5. Thoracic epidural spinal angiolipoma with coexisting lumbar spinal stenosis: Case report and review of the literature

    PubMed Central

    Benvenutti-Regato, Mario; De la Garza-Ramos, Rafael

    2015-01-01

    Background Spinal angiolipomas (SALs) are uncommon benign lesions that may present insidiously with back pain or acutely with weakness due to tumor bleeding/thrombosis. Given their rarity, these lesions are often overlooked in the differential diagnosis of epidural masses. The purpose of this article is to report the case of an epidural SAL and to conduct a literature review on the topic. Methods A case report and review of the literature using the PubMed/Medline databases. All case reports and case series were reviewed up to June 2015. Results A 65-year old female presented with neurogenic claudication and magnetic resonance imaging (MRI) revealed lumbar spinal stenosis. Following decompressive surgery, she experienced symptom resolution, but three months postoperatively she presented to the emergency department with acute paraparesis. A thoracic MRI revealed a lesion located between T8 and T10 causing severe spinal cord compression. Following emergent laminectomy and en bloc resection, the patient regained function and the lesion was diagnosed as SAL. Our literature review revealed 178 reported cases, with a female and thoracic predominance. The majority of patients underwent surgical treatment, achieving a gross total resection in most cases. Similarly, complete symptom resolution was the most common outcome. Conclusion Spinal angiolipomas are uncommon spinal tumors. However, they may be treated as any other space-occupying lesion, and surgical resection allows for complete symptom recovery in most patients. PMID:26767159

  6. Epidural analgesia after spinal surgery via intervertebral foramen.

    PubMed

    Sice, P J A; Chan, D; MacIntyre, P A

    2005-03-01

    Patients undergoing major spinal surgery may experience significant postoperative pain. Epidural analgesia has previously been shown to be safe and effective and may confer some advantages over opioid-based postoperative analgesia. We discuss the case of a 47-yr-old female patient undergoing the prolonged anterior component of a lower thoracic/upper lumbar spine correction involving the stripping of the diaphragm from the lower thoracic spine and retraction of the left lower lobe of the lung. Despite initially planning opioid-based postoperative analgesia, a joint anaesthetic and surgical decision was made to use epidural analgesia in an attempt to avoid potential postoperative respiratory complications. Because of the surgical anatomy of the correction, the catheter was inserted via the T11 intervertebral foramen. A bolus of bupivacaine 0.25% intraoperatively with a postoperative infusion of bupivacaine 0.167% with diamorphine 0.1 mg ml(-1) provided excellent analgesia. The technique was associated with no postoperative complications. PMID:15619602

  7. Stereotactic Body Radiotherapy Reirradiation for Recurrent Epidural Spinal Metastases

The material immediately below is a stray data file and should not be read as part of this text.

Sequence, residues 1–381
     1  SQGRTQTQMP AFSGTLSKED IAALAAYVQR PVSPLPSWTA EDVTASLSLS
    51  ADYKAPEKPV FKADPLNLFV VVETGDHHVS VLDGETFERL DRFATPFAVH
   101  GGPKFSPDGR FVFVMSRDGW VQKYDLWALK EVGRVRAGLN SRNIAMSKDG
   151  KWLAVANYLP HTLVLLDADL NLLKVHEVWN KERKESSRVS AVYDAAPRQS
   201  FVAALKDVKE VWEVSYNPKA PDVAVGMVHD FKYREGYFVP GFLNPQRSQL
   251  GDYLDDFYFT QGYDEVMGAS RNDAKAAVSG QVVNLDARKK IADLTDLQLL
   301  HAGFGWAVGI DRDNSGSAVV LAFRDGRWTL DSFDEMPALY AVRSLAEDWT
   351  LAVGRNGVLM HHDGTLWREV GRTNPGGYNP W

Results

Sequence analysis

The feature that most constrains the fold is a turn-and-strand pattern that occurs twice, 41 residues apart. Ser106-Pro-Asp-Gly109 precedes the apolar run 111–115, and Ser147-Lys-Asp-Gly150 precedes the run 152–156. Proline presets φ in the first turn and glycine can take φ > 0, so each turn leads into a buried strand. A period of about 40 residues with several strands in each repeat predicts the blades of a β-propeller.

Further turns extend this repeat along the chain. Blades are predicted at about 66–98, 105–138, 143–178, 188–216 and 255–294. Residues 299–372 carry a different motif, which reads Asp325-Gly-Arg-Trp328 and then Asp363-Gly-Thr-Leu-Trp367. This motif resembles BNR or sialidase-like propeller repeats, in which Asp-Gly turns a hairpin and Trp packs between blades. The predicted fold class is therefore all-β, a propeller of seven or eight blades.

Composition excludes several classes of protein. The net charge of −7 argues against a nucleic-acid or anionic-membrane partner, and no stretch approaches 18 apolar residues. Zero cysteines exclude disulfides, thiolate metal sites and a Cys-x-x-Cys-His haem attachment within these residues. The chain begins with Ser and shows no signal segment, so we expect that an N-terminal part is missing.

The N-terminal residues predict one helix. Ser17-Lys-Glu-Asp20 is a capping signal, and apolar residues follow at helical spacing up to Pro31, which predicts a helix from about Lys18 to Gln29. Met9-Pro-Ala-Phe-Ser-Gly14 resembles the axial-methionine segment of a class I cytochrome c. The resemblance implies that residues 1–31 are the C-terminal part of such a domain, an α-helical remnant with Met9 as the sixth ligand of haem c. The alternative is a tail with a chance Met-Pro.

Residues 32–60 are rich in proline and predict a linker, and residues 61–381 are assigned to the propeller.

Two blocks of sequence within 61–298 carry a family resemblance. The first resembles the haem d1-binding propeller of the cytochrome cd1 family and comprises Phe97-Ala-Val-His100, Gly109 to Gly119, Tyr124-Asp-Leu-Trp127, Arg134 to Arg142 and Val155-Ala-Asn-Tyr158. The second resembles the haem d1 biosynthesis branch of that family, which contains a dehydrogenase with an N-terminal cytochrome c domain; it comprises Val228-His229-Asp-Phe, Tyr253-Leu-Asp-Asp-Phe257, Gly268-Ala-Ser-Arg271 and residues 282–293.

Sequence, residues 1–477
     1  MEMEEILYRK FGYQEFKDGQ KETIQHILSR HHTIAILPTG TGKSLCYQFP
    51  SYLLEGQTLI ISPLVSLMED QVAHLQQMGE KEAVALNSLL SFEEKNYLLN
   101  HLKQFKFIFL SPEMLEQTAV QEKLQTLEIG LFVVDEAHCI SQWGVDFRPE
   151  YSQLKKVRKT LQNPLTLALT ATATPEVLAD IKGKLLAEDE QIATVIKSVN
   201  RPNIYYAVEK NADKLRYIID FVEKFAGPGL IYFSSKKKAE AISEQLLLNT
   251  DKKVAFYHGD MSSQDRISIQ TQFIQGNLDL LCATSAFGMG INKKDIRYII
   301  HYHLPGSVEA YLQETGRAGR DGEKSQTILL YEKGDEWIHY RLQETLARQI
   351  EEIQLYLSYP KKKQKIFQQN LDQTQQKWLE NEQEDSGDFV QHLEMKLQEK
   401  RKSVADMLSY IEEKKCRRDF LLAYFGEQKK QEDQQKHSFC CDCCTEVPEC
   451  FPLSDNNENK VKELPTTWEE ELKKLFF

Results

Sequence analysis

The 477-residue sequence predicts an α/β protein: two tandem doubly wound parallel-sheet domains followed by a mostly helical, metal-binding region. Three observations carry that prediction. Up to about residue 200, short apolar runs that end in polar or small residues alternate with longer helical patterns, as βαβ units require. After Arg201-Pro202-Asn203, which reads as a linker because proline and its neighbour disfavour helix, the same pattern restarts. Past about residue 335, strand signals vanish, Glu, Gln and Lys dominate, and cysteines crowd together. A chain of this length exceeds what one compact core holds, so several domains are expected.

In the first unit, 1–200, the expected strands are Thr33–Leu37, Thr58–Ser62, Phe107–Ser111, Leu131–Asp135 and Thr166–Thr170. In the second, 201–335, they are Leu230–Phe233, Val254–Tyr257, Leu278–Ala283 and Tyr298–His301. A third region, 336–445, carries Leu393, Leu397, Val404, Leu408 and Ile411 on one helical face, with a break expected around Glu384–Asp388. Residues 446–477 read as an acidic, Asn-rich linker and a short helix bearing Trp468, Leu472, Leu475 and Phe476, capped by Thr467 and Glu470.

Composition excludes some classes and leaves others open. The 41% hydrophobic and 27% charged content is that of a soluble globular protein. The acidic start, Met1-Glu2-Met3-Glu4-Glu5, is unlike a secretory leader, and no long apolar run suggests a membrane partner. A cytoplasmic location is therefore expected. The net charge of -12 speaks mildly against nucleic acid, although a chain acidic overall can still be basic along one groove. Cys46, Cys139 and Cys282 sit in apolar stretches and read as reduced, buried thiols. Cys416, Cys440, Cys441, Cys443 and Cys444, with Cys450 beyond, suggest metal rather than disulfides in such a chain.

SciTech Connect

    Mahadevan, Anand; Floyd, Scott; Wong, Eric; Jeyapalan, Suriya; Groff, Michael; Kasper, Ekkehard

    2011-12-01

    Purpose: When patients show progression after conventional fractionated radiation for spine metastasis, further radiation and surgery may not be options. Stereotactic body radiotherapy (SBRT) has been successfully used in treatment of the spine and may be applicable in these cases. We report the use of SBRT for 60 consecutive patients (81 lesions) who had radiological progressive spine metastasis with epidural involvement after previous radiation for spine metastasis. Methods and Materials: SBRT was used with fiducial and vertebral anatomy-based targeting. The radiation dose was prescribed based on the extent of spinal canal involvement; the dose was 8 Gy Multiplication-Sign 3 = 24 Gy when the tumor did not touch the spinal cord and 5 to 6 Gy x 5 = 25 to 30 Gy when the tumor abutted the cord. The cord surface received up to the prescription dose with no hot spots in the cord. Results: The median overall survival was 11 months, and the median progression-free survival was 9 months. Overall, 93% of patients had stable or improved disease while 7% of patients showed disease progression; 65% of patients had pain relief. There was no significant toxicity other than fatigue. Conclusions: SBRT is feasible and appears to be an effective treatment modality for reirradiation after conventional palliative radiation fails for spine metastasis patients.

  8. [Clinical manifestations of 16 patients with spontaneous spinal epidural hematoma -stroke mimic and pitfalls for diagnosis].

    PubMed

    Hara, Naoyuki; Otonari, Tatsuya; Nishihara, Nobuharu; Ota, Taisei; Kuriyama, Masaru

    2014-01-01

    Clinical manifestations of 16 patients with spontaneous spinal epidural hematoma were presented. We examined the point similar to that of stroke. During the initial visit of our hospital, the patients showed the hemiplegia in 10 cases (62.5%), Horner syndrome in 4 cases (25%), the painless onset in 1 case (6.3%). And one case showed the impairment of consciousness due to vagal reflex in severe pain onset, which was similar to those of subarachnoid hemorrhage. MRI images are useful to confirm the diagnosis. The frequent site of hematoma was the lower cervical spinal cord. The oval shaped hematomas shifted to the left or right in spinal canals, compressed spinal cords in axial image, which was a cause of hemiplegia. Many cases developed during active periods, and the hemorrhage might be relevant to oral antithrombotic agent, C hepatitis, and chronic renal failure. Rapidly progressive cases were indications for emergency surgery, but conservative therapy is also possible and was better prognosis. PMID:24943075